Scent compounds – called volatiles – released from plants have many functions and can affect both the activity and interaction of insects and the physical and chemical properties of the atmosphere. A research team led by researchers from the DNRF’s Center for Permafrost (CENPERM) has investigated how climate change and increased insect activity affect the release of volatiles in the atmosphere in the Arctic. The study shows that rising temperatures are the primary cause of a greatly increased release of volatiles, which can have major consequences for climate and plant life. The results have recently been published in the scientific journal Nature Plants.
Increasing temperatures in recent years in the Arctic have caused plants to produce and emit far more volatiles. This can eventually lead to a domino effect with enormous consequences for both climate and plant life in the future, according to research conducted by a research team from the Department of Biology at the University of Copenhagen, led by post-doc Tao Li and Professor Riikka Rinnan, both from the DNRF’s Center for Permafrost (CENPERM).
The researchers have studied the relationship between rising temperatures, increased activity among insects, and the emission of volatiles from plants in the Arctic. The results show that the higher temperatures in the Arctic lead to increased insect activity, causing the vegetation to release more volatiles in an attempt to defend themselves against the insects. The problem is that the volatiles also play a fundamental role in the atmosphere and ecological processes, and they can contribute to increased air pollution.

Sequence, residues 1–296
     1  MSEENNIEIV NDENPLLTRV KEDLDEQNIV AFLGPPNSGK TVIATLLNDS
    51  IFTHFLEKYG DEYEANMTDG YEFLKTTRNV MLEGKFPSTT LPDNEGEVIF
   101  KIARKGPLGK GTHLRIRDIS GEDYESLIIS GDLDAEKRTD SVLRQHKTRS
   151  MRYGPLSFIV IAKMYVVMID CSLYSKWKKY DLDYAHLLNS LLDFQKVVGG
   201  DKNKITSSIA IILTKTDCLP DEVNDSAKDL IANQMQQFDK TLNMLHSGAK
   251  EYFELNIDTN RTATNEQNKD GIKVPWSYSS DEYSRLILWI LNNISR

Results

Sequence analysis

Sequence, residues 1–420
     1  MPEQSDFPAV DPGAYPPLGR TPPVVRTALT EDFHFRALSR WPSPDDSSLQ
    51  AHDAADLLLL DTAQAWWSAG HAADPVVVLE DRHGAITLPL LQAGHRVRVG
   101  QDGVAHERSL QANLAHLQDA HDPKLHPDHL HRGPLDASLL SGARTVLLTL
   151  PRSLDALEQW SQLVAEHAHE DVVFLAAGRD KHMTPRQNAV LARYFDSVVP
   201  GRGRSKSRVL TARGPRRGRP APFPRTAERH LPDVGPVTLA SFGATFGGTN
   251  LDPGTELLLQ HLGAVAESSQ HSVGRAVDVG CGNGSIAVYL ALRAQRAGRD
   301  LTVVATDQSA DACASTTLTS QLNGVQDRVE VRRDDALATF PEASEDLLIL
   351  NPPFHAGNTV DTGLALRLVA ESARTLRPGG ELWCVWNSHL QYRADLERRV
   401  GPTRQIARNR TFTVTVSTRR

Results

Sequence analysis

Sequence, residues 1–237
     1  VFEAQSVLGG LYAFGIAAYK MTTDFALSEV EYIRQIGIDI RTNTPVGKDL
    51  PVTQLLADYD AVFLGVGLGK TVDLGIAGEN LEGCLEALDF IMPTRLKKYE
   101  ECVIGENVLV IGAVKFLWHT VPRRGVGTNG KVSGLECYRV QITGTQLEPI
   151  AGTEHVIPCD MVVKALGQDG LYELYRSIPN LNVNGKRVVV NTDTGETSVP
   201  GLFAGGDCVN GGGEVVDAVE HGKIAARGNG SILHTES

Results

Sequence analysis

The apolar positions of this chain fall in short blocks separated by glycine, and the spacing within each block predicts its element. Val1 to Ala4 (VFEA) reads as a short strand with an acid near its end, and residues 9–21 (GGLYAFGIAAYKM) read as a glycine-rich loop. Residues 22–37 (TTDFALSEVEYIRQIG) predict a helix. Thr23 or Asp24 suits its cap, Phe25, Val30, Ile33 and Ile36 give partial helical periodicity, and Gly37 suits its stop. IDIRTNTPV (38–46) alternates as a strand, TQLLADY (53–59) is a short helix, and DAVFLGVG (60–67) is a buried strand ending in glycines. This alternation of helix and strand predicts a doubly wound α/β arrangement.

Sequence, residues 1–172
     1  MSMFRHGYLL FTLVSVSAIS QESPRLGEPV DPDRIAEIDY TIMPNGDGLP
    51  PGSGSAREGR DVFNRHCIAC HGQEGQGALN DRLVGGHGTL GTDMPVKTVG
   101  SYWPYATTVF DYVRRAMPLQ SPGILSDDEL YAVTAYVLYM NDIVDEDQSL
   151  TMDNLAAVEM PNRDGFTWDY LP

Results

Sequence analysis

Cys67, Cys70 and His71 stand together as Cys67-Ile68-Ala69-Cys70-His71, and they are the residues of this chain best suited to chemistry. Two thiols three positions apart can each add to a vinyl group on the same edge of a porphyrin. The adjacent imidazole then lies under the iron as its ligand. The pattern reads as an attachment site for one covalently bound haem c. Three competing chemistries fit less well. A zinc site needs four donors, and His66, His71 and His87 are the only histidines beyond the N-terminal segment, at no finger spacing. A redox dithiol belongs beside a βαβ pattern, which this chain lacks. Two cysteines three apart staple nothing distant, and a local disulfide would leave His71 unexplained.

“On one hand, plant volatiles are an essential part of plant defense. Many are toxic to insects that eat the plants or lay eggs on them. Plants can also attract natural enemies of the attacking insects or warn their neighbors of impending danger by airborne communication cues,” explained Dr. Tao Li, who is the main author of the study. He continued:
“On the other hand, the same plant volatiles can transform atmospheric chemistry. In air, these compounds produce tiny particles, which scatter solar radiation and thus prevent solar heat from reaching the ground and can even form clouds. They also contribute to the formation of ground-level ozone, an air pollutant that harms plants, animals and human health.”
The increased release of plant volatiles in the Arctic can therefore lead to yet unresolved consequences for the chemical composition of the atmosphere.
Rising temperatures cause insects to devour plants
In the study, the researchers also investigated how rising temperatures can affect the interaction between species via the volatiles. The researchers provoked stress-triggered release of plant volatiles in the Arctic in small open-top plastic greenhouses with simulated heating. The experiment showed that 2°C heating increased the insect’s consumption of vegetation by 300%, which, for instance, means that violent insect outbreaks can lead to periodic defoliation.
“To investigate how insect feeding would impact the volatiles released, Tao used a plant hormone that makes the plants believe they are being attacked by insects. This hormone treatment led to a drastic increase in the amount of plant volatiles released by the widespread circumpolar dwarf birch, which is a major player in the ongoing Arctic greening,” said Professor Riikka Rinnan before continuing:
“The mimicked insect feeding caused a large release of chemicals that we know from the smell of freshly mowed lawn and terpenes known also as essential oils. Surprisingly, a 4-fold increase in terpenes rose to a huge 11-fold increase under simulated warming, revealing a strong synergy between warming and insect feeding. This can have far-reaching consequences.”
Thus, the increased release of volatiles due to rising temperatures can trigger a domino effect by leading to more vegetation damage caused by insects, which in turn results in higher emissions of volatiles from the vegetation, resulting in major impacts on volatile-mediated interactions between species as well as on yet-to-be-understood consequences for the atmospheric chemistry.